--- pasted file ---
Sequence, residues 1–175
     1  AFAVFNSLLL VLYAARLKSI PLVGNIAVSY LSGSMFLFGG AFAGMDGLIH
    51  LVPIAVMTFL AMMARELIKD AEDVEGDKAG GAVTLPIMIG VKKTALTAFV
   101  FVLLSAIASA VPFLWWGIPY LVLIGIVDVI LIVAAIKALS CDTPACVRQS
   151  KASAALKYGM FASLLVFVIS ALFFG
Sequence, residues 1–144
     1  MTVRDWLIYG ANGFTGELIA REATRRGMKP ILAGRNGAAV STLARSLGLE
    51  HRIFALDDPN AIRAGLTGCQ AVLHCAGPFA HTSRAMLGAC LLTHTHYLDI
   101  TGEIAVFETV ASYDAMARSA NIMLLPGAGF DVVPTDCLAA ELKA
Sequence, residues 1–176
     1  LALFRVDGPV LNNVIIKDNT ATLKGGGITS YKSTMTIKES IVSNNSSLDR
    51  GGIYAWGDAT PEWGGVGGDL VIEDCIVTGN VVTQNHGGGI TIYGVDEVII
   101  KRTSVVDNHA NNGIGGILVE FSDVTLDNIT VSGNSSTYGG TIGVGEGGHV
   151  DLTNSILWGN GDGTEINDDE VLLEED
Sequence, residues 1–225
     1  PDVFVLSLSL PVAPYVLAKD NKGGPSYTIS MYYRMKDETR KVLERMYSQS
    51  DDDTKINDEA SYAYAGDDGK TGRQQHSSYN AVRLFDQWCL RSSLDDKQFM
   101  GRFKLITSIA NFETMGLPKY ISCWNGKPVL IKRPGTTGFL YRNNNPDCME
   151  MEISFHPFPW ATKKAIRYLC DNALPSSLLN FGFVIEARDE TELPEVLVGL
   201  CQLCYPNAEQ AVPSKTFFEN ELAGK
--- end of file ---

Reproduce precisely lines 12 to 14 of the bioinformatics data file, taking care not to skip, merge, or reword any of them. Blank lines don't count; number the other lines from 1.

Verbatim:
    51  GGIYAWGDAT PEWGGVGGDL VIEDCIVTGN VVTQNHGGGI TIYGVDEVII
   101  KRTSVVDNHA NNGIGGILVE FSDVTLDNIT VSGNSSTYGG TIGVGEGGHV
   151  DLTNSILWGN GDGTEINDDE VLLEED